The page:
A program that helps Oregonians eat fresh food could expand with an assist from lawmakers.
Double Up Food Bucks matches Supplemental Nutrition Assistance Program, or SNAP, purchases up to $10 so that people can buy fresh fruits and vegetables. While it’s mainly been a feature at farmers’ markets, Oregon is in a pilot to test the program at grocery stores.
Eight grocery stores in seven counties are participating in the pilot.
Mason Durfee, Double Up Food Bucks coordinator with Oregon Food Bank, said they want to expand the program to 25 stores in 15 counties and serve more people of color and rural communities.
“We’re really looking at trying to bring this program to underserved communities who might have limited access to produce or who serve the communities in Oregon that we know are experiencing disproportionate impacts of hunger, especially under COVID,” said Durfee.
Oregon Food Bank says folks in these communities should reach out to them if they are interested in being part of the program.
Groups including the American Heart Association, Oregon Farmers Markets Association and Pacific Northwest Community Supported Agriculture also are calling for lawmakers to fund the program’s expansion.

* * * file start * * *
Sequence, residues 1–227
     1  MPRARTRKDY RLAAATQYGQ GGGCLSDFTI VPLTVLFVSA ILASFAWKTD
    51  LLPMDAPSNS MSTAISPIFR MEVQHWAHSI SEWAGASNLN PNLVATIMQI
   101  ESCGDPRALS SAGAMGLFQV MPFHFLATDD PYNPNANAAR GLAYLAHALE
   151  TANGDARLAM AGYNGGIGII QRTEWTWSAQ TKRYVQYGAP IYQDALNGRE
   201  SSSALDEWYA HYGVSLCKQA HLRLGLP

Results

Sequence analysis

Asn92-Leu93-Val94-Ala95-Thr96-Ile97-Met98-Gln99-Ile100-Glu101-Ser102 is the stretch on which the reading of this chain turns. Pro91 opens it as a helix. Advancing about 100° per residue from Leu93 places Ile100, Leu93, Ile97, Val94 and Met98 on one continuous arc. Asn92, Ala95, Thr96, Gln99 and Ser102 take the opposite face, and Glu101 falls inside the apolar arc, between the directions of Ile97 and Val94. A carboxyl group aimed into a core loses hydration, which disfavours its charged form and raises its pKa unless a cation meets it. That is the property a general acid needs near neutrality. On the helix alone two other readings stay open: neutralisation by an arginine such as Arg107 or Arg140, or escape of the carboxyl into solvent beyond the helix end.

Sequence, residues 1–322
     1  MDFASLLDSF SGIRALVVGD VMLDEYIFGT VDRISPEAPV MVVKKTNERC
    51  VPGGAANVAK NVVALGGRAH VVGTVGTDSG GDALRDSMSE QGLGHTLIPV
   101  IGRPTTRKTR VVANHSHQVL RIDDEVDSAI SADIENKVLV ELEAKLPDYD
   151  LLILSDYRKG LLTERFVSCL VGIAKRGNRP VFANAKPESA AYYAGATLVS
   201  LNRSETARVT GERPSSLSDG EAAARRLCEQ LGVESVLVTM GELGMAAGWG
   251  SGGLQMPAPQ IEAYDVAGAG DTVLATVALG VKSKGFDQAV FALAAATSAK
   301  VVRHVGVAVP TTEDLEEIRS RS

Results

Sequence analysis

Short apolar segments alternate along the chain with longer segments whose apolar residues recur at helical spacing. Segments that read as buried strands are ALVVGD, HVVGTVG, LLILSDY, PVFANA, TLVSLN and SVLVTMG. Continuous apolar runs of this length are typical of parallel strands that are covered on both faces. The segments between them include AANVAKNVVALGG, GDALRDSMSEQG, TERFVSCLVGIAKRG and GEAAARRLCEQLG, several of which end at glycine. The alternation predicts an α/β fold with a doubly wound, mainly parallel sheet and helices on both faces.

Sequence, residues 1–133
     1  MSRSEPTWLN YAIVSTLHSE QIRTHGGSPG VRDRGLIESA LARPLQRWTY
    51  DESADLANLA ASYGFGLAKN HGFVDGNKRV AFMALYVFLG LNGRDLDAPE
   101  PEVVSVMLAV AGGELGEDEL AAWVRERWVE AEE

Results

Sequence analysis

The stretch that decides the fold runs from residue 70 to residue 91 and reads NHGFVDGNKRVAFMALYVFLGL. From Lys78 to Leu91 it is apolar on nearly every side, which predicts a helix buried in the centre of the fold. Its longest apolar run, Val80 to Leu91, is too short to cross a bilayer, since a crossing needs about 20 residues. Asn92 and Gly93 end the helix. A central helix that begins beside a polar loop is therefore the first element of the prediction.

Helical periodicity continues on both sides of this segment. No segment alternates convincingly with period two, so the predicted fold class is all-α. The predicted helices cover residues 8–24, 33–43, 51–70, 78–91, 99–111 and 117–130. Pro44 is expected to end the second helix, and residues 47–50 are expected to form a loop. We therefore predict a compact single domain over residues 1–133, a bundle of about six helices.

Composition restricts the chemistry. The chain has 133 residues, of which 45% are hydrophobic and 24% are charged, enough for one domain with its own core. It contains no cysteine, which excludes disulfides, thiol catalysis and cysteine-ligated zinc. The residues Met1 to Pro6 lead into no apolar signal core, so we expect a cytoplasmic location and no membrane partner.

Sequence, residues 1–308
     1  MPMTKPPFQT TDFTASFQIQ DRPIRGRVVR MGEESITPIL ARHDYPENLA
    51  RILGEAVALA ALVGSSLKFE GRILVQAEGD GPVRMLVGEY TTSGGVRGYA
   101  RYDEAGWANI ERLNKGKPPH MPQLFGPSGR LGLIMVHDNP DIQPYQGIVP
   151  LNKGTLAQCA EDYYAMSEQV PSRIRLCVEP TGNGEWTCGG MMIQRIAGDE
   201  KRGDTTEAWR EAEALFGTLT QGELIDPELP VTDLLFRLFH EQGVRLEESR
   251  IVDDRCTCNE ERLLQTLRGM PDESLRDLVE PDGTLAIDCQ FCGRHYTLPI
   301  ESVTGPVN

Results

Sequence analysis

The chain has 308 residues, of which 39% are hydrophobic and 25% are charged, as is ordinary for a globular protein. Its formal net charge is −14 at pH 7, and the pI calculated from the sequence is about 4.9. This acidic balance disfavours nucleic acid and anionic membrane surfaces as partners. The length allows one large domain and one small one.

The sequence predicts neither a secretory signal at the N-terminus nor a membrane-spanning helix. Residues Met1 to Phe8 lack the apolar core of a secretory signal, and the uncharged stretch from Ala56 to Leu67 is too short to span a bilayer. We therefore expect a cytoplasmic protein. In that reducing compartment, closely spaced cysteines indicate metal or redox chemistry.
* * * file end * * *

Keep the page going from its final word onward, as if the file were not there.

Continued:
An Oregon State University study found food insecurity rates doubled from 2019 to 2020 because of the pandemic.
Molly Notarianni, executive director of Farmers Market Fund, said participation in Double Up Food Bucks has also doubled in Oregon over that time. She said there’s plenty of room to expand: only about half of Oregon’s 120 farmers’ markets participate in the program.
“There’s a lot of communities that don’t have access to this really important program,” said Notarianni. “And we’re hoping, if lawmakers act, we’ll be able to expand the impact of Double Up across the state.”
Notarianni called the program a triple win, benefiting people with SNAP, farmers and local economies.
Senate Bill 555 currently is in the Senate Ways and Means committee. The legislative session is scheduled to adjourn at the end of June.